Teamwork

Negativity as Tactic

Negativity is something that most people say they don't like. Negativity is also incredibly common. Why? 

Well, being negative is easy. Being negative means that you simply say no to what everyone else is working towards and proposing without adding anything to the equation. Being negative and focusing on the fearful is the quickest way to place yourself in the limelight without actually having substance behind your voice.

Everyone wants to sound like the smartest person in the room, from politicians running for the Presidency to your coworker whose gunning for that promotion. Behaving negatively means that one can sound smart and cautious when other ask people to look to the future and build. This is incredibly common in group settings and it's something a true leader and forward thinker avoids.

Where others focus on the downside, it's your job to build the upside and create positive alternatives and futures to whatever dilemma you and your comrades are facing.   

If you're working on a project and a team member seems to only ever list catastrophic problems that could potentially maybe one day possibly happen, take a step back before getting annoyed. Remember that this team member might have a few good, constructive points hidden in the negativity and you can find them by asking probing questions. Pull away the hysteria by asking them to quanitfy and specify their predictions of doom. Soon you'll find that what was impossible a few moments earlier was actually a comment on a weaker aspect of the project you're building together.

Doom and gloom is easy, constructive criticism and vision are hard. Be your best self and lead your colleagues away from negative excuses to positive events.

Team Building and the Three C's

I attended the ICOVA (Illinois Conference of Volunteer Administrators) event this past August, which was a very interesting day full of conversation about recruitment and retention of volunteers. By far my favorite part of the day was the keynote speech by Rev. Fred Nettles, which touched on team building for any organization. 

Nettles, both a Reverend and secular non-profit administrator, was a great speaker (both content and charisma wise!) His talk covered a range of topics about volunteerism in general, but specifically delved into his thoughts on building an effective team in any organization.

Nettles shared his "Three C Rule for Building Teams" with the ICOVA attendees, detailing the importance of:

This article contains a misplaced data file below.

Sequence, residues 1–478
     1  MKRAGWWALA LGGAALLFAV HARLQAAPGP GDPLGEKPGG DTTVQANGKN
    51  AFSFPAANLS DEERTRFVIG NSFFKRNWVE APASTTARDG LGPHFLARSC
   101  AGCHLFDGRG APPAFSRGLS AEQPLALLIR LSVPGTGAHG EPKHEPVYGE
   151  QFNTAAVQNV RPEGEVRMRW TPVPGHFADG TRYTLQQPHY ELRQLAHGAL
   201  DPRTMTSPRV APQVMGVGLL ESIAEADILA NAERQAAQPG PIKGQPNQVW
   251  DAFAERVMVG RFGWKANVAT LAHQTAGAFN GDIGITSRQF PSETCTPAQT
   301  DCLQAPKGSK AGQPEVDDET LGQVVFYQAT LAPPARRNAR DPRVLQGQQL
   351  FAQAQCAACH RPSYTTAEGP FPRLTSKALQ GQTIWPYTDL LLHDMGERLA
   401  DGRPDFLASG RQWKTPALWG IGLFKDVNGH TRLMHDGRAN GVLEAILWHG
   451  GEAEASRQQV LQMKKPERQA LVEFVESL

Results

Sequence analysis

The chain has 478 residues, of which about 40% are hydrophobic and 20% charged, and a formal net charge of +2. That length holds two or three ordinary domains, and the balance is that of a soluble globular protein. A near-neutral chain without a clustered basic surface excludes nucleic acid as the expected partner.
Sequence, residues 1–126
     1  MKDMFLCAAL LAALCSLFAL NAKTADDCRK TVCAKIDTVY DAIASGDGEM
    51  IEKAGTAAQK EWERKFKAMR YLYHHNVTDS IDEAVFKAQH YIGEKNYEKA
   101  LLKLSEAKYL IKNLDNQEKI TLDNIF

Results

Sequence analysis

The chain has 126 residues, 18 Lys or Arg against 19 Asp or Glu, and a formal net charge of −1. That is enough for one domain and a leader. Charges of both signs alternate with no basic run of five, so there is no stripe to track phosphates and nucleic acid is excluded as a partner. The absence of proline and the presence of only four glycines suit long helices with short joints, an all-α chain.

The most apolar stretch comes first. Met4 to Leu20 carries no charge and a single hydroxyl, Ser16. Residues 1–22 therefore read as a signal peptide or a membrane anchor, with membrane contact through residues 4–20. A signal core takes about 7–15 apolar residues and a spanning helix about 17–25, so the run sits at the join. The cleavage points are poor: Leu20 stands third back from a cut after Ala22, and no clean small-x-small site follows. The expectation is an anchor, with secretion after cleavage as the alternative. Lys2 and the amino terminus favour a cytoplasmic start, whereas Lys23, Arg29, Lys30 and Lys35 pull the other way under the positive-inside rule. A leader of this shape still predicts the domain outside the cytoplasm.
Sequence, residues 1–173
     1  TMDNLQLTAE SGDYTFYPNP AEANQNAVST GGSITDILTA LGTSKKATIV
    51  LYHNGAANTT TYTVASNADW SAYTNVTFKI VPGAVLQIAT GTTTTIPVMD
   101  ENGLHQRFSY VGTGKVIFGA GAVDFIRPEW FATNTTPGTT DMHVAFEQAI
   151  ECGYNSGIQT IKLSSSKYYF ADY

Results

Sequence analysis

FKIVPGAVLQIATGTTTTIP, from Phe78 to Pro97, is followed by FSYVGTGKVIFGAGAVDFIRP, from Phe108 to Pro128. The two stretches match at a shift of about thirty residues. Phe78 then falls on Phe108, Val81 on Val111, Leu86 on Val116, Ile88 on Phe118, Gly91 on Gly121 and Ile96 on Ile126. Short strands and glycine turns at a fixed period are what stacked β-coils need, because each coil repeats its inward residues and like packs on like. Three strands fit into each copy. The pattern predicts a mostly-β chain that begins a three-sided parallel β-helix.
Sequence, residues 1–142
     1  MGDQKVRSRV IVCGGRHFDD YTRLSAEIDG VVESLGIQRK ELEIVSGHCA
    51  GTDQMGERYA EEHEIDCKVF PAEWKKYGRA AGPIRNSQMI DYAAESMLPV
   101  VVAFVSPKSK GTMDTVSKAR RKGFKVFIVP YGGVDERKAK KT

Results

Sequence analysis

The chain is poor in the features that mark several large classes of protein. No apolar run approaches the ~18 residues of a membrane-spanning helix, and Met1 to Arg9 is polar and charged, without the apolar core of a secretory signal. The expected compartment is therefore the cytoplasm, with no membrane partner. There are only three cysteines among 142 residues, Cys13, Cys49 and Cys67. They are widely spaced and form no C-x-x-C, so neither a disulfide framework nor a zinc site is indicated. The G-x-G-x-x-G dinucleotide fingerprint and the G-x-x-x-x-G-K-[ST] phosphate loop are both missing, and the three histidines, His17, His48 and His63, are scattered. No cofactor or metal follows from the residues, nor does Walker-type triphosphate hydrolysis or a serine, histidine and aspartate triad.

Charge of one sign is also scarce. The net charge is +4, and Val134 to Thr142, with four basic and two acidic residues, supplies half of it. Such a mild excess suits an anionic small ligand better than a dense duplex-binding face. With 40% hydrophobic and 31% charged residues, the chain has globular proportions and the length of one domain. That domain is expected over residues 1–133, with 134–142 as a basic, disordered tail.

1. Character: Compatibility of the organization's culture and mission with the potential team member's integrity.
  2. Competency: Positioning the team member for success and investing in good work through training and professional development.
  3. Charisma: Team members that get along!

Finding a group of people who can work together, feel inspired together and enjoy their time together is a pretty difficult task, but every organizational leader is asked to do it every day. While a lot of the time, a leader isn't given the option of building their own team -- they inherit people who may or may not fit into the leader's ideal organizational vision -- that doesn't mean managers and leaders can't build a team using Nettles' "Three C's."

If you can't change the team, it's important to clearly change the culture of the organization for your team. Create easily shared and spotted physical artifacts that represent the culture you want to create in your organization. If your company is all about integrity, share stories of employees who showed integrity via social media, intranets and blogs. Honor those people or highlight those actions you want others to imitate through specific and branded actions.

As for competency, make sure you know what people are best suited to do in your organization and help them grow and develop professionally when possible. Take stock of your needs and your assets!

Lastly, if your team doesn't get along try to understand why before you take any actions. If you have a real jerk in your organization, they may be enough of a Debbie Downer to prevent everyone else from feeling happy or successful. They may also be a key player in the organization that you don't want to let go. The trick here is making everyone feel heard and adjusting the team dynamics so the Debbie Downer isn't hurting the productivty and morale of everyone else on the team. You could do this by giving them a lateral promotion that moves them out of constant contact with the team or by asking them to adjust their behavior. Or you can do both or neither!

Above all, the Three C's are powerful because they give a leader a jumping off point. They aren't the end all and be all, but they are a simple and easy way to build your team, either through hiring people or through developing your most prized assets (your current employees!).